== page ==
: Fuel pump removal pictures



planocolt
01-25-09, 01:11 PM
OK just to let everyone see the great access panel in a 99 STS and the ease of service for a fuel sender unit.

Nice access in the trunk:

http://i294.photobucket.com/albums/mm95/planocolt/100_1298.jpg?t=1232905752

Herer is a picture of the lock ring: No threads!!

http://i294.photobucket.com/albums/mm95/planocolt/100_1300.jpg?t=1232905854

Here you can see the ring about half relocked (see the slots )

http://i294.photobucket.com/albums/mm95/planocolt/100_1304.jpg?t=1232906110

Old dirty Fuel sending unit:

http://i294.photobucket.com/albums/mm95/planocolt/100_1312.jpg?t=1232906346

Problems with your fuel gauge, here is the problem, see the deposits and the corroded contacts:

http://i294.photobucket.com/albums/mm95/planocolt/100_1316.jpg?t=1232906853

Note: no "Melted wires..." hmmmmmmm


http://i294.photobucket.com/albums/mm95/planocolt/100_1314.jpg?t=1232907050

chubbyranger
01-25-09, 01:31 PM
Did you use a lock ring tool or just pound it? I've been trying to psych myself up for this job for two years, but I suffer from fuel-a-phobia. Already bookmarked this thread. Thanks for the pix.

planocolt
01-25-09, 01:38 PM
Did you use a lock ring tool or just pound it? I've been trying to psych myself up for this job for two years, but I suffer from fuel-a-phobia. Already bookmarked this thread. Thanks for the pix.


Sooo easy, pb Blaster, Sit for 1 hour, BIG hammer and basically a huge Flathead screwdriver. It took some pounding AND all fuel lines were still connected. Once it pops, it's off. The bigger hammer theory worked here.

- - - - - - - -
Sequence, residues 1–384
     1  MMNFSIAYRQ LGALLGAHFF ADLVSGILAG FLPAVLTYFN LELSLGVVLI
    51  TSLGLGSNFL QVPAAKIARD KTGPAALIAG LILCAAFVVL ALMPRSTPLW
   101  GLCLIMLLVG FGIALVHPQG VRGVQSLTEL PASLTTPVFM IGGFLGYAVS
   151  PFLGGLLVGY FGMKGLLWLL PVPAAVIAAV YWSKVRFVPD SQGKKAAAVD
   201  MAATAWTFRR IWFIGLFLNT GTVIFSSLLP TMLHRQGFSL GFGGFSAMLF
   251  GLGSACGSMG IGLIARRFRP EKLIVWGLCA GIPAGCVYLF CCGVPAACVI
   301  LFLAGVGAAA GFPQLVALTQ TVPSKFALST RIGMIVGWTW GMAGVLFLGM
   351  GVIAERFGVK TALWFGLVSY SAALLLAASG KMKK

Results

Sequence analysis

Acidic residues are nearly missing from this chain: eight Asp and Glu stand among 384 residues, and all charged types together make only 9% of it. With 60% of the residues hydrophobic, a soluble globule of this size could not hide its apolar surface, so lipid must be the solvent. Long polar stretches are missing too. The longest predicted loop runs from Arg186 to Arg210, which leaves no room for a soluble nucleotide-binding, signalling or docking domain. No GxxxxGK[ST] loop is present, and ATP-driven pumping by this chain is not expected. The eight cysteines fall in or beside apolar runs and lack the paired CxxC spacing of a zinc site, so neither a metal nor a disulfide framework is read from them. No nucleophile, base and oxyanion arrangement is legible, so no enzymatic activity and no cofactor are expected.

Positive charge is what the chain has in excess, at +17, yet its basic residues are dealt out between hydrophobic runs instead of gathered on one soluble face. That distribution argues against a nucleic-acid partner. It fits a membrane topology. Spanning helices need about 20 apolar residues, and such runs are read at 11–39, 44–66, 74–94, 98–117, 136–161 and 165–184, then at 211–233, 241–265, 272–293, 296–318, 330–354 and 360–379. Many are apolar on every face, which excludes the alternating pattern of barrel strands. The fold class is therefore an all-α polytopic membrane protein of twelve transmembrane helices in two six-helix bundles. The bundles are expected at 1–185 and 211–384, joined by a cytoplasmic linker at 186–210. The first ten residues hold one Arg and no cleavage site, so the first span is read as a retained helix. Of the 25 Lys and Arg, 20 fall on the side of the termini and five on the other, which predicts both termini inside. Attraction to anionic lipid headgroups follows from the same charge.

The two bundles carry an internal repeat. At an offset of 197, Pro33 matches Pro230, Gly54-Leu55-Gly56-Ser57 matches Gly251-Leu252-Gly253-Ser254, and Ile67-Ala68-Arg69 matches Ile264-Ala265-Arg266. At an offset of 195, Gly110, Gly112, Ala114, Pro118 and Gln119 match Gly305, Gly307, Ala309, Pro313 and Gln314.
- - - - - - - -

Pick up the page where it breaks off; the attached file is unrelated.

Total replacement time (aside from the PB blaster wait time) ~1 hour (including removing the inner trunk liner).

tateos
01-27-09, 06:59 PM
Is that similar to a BF Hammer?

Ranger
01-27-09, 08:39 PM
Did you use a lock ring tool or just pound it? I've been trying to psych myself up for this job for two years, but I suffer from fuel-a-phobia. Already bookmarked this thread. Thanks for the pix.
Don't worry about it Chubby. You're not very likely to create any sparks and even if you did, the tank is still sealed until the retaining ring is off and the pump is pulled. When I did one many years ago on a Chevy Blazer I had to pump down about a half tank of gas. Had buckets of gas all over the place.

chubbyranger
01-28-09, 07:43 PM
Don't worry about it Chubby. You're not very likely to create any sparks and even if you did, the tank is still sealed until the retaining ring is off and the pump is pulled. When I did one many years ago on a Chevy Blazer I had to pump down about a half tank of gas. Had buckets of gas all over the place.

I figured I'd run the tank down to ~3 gallons or so left before I start. Part of my hesitance is that my car has lived its whole life in the salt-laden Northeast so I expect the corrosion factor to be substantial :suspense: I suppose pulling the cover off and having a look would be a good first step. I always worry about resealing the fuel line connections so they don't leak, although these look to be fairly simple to disconnect. And since my garage isn't heated its going to be a chilly job, unless I get out my propane bullet heater :eek: Probably not the best idea :cookoo:

Ranger
01-28-09, 07:49 PM
Technically, you are better off with a full tank. An empty tank is full of fumes and much more explosive than a full tank.

chubbyranger
01-28-09, 08:11 PM
When I did one many years ago on a Chevy Blazer I had to pump down about a half tank of gas. Had buckets of gas all over the place.


Technically, you are better off with a full tank. An empty tank is full of fumes and much more explosive than a full tank.

:hmm: Why would you pump the tank down if you should start with a full tank? :confused:

Ranger
01-28-09, 09:26 PM
Because I did not have an access panel and had to drop the tank. I needed to lighten it.